$18,000 for “Collections Improvement” project. Although the society and its National Museum of the Great Lakes relocated from Vermilion to Toledo in 2014, it lacked the means to move its entire collection of 2,000 artifacts or to conclusively determine the scope of its collection. This grant and the resulting project will remedy that and enable the society to finally establish firm “intellectual control” over its holdings and be better stewards of the regional history entrusted to it.


Green Lawn Abbey Preservation Association, Columbus

$9,000 for “Green Lawn Abbey Window Project.” With this project, the Abbey will remove rusted, non-original security grills covering five original, intact stained-glass windows and replace them with new, custom-made storm windows. This will protect them from weather and vandalism, and will transform the Abbey from looking “spooky” to majestic. The five-window project is part of a larger effort to repair, restore and protect the Abbey’s 60 stained-glass windows. Built in 1927, the Neoclassical-style mausoleum was listed on the National Register of Historic Places in 2007.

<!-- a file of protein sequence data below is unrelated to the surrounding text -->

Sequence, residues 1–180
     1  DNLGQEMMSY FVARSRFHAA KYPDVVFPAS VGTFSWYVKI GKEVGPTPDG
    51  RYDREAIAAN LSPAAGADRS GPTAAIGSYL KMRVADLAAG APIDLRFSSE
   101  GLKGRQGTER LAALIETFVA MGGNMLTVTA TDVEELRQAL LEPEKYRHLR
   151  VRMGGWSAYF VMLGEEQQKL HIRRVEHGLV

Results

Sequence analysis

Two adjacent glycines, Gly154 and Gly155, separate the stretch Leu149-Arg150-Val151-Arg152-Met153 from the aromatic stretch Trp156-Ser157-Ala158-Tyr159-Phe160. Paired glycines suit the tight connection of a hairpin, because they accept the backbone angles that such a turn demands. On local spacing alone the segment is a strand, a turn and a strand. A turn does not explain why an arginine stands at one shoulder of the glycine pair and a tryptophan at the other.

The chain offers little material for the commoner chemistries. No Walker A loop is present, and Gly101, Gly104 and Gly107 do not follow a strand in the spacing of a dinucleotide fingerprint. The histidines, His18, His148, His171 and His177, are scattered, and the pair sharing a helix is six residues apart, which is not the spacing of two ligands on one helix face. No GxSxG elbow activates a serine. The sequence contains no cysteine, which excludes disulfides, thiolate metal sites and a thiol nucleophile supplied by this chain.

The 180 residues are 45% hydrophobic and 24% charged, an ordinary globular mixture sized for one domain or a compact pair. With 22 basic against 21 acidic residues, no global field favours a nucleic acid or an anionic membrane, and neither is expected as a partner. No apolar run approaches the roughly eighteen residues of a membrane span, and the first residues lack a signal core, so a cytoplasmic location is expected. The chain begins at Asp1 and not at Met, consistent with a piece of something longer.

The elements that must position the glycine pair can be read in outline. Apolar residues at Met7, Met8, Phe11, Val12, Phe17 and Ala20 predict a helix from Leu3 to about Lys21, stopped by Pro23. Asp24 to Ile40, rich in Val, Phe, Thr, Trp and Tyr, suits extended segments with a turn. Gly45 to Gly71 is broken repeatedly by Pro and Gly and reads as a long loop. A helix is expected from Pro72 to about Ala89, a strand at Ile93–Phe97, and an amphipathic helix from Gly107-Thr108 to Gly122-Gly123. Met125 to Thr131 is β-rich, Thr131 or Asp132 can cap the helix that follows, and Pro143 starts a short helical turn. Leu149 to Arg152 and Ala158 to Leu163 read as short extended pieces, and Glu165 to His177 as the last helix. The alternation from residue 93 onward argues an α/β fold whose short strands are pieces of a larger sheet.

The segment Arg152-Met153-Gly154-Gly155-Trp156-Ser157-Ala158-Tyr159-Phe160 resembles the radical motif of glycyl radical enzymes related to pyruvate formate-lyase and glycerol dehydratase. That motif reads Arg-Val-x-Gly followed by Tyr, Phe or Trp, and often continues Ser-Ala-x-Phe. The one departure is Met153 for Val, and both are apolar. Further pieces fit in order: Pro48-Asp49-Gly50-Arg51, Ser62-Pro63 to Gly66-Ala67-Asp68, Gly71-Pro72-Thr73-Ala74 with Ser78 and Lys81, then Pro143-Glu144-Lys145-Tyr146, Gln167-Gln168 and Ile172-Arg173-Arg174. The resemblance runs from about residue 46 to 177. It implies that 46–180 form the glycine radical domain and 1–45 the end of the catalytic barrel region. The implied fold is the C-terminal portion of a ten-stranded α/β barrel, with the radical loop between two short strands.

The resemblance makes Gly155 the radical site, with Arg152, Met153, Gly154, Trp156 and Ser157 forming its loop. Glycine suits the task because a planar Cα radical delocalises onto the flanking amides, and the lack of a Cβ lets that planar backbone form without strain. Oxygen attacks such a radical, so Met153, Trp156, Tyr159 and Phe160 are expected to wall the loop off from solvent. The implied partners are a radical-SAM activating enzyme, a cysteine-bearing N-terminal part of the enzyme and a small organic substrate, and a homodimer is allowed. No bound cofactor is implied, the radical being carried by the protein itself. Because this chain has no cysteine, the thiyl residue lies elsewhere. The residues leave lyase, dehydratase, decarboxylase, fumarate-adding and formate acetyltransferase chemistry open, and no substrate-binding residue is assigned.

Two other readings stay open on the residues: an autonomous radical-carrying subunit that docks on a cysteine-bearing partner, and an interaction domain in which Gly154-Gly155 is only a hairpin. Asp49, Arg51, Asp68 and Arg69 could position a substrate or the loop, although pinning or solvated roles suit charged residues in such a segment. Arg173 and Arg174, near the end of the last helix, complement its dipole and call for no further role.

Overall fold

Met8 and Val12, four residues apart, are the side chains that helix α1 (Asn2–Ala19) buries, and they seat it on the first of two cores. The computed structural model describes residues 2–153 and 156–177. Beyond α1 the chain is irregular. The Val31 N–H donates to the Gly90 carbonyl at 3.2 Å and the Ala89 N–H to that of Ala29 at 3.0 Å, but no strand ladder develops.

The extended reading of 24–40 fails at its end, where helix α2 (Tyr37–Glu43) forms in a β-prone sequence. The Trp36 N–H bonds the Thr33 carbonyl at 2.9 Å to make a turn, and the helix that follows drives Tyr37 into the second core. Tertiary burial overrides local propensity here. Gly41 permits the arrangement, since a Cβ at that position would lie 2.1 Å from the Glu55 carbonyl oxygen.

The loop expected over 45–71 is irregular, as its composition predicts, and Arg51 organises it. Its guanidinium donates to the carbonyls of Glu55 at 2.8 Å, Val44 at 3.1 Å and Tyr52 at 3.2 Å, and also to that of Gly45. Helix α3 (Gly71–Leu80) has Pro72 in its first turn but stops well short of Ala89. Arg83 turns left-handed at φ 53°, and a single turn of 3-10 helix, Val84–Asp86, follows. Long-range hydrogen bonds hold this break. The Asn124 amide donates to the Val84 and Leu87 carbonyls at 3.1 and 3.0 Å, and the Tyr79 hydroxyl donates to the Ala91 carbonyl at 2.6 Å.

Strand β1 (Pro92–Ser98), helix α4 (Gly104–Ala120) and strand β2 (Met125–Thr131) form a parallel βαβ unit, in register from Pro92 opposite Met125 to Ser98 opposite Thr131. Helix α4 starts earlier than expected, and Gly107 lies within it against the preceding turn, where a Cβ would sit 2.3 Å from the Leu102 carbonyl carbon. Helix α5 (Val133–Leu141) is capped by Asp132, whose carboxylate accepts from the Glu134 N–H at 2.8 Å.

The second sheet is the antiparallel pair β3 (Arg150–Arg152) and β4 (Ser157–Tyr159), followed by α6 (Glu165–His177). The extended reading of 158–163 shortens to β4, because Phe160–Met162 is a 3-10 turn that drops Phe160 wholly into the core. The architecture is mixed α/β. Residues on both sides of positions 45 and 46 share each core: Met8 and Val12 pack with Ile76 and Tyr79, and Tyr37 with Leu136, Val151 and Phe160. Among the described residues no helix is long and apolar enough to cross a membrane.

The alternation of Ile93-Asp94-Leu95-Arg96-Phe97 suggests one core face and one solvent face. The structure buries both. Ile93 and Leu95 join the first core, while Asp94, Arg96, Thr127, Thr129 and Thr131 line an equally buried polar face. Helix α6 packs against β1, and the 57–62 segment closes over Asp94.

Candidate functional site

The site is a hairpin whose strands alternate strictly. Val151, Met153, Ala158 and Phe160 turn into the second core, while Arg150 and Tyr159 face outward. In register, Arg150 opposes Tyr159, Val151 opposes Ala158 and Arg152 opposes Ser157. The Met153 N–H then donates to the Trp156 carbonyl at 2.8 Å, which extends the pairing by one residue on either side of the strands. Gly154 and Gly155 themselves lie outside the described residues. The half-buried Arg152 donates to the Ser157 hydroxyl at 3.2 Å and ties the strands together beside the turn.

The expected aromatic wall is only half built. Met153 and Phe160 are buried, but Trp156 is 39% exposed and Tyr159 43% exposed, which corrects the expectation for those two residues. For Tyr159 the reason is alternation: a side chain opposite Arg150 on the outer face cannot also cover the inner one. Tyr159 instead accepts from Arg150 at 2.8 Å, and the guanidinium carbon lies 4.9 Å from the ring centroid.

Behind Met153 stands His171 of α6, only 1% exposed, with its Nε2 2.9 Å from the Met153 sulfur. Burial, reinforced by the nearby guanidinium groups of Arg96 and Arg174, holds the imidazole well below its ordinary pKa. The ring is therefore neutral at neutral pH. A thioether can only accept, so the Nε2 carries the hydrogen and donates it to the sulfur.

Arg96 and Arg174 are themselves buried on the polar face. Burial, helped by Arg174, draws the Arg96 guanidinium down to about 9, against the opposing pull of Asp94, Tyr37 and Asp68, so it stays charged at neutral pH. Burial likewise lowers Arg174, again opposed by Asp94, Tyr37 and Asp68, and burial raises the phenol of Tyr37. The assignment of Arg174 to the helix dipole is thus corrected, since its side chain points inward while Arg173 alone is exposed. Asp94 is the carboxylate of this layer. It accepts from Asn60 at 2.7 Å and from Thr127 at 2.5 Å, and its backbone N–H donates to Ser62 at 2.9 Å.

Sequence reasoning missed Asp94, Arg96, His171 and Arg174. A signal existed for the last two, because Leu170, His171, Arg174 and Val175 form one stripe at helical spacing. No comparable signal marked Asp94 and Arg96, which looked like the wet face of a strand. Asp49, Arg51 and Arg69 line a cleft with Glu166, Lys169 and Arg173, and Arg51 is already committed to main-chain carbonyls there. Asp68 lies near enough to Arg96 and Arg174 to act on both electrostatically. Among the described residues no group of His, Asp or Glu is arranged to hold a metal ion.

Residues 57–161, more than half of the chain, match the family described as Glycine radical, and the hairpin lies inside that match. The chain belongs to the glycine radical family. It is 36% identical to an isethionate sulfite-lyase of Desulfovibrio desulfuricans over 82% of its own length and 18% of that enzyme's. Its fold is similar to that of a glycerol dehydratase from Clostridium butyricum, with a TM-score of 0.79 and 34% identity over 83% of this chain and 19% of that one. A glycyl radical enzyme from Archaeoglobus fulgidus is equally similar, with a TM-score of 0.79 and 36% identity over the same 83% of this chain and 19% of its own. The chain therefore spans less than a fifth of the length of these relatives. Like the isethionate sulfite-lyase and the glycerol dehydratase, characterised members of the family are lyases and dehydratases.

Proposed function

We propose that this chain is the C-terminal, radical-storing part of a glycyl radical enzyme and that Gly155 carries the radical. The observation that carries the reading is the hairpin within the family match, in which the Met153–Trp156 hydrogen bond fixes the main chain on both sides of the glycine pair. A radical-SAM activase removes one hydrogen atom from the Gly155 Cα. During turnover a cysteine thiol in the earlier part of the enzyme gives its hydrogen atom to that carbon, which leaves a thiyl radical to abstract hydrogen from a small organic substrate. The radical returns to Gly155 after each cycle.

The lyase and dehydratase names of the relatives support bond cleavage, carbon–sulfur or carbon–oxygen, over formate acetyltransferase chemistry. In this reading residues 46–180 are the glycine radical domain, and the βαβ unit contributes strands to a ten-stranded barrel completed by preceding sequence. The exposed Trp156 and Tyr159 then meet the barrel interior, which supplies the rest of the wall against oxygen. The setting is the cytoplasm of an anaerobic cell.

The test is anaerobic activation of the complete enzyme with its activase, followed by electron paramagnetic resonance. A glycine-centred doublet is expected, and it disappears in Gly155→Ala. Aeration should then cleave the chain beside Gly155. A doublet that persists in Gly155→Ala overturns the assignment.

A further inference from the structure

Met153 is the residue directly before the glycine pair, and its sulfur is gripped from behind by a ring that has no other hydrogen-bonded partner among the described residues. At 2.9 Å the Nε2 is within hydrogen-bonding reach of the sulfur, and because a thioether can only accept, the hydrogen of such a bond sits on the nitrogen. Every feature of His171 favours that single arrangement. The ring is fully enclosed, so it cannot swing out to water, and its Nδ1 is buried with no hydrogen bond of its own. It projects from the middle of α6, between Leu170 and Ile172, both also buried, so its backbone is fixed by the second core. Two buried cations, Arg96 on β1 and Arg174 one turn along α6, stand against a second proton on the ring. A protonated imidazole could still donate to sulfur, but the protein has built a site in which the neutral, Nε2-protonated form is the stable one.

Lorain Historical Society, Lorain

$5,000 for “High-Density Shelving for Textile Collections.” The society’s textile collection is stored in the Moore House Museum, a 1906 building owned by the city of Lorain. The overburdened and stationary shelves holding the collections are situated in a way that is undermining the floor joints that support them. The society needs new, movable shelving that is better supported by the structure and therefore better preserves the house. The grant in part will allow the society to purchase new, moveable, structure-friendly shelving and pay the salary of an intern, trained and supervised by the society’s curator, to assemble it and rehouse the textile collection.


Murphy Theatre, Wilmington

$15,705 for “Restoration and Beautification of the Murphy Theatre.” Water leaks had caused damage to decorative plaster molding in this 1918 theater’s inner lobby and auditorium. The grant will help restore the building’s historic grandeur by repairing and replicating original moldings and also by replacing a modern door in a concession area with one that matches an extant historic example. The Murphy Theatre was listed in the National Register of Historic Places as a part of the Wilmington Commercial Historic District in 1982.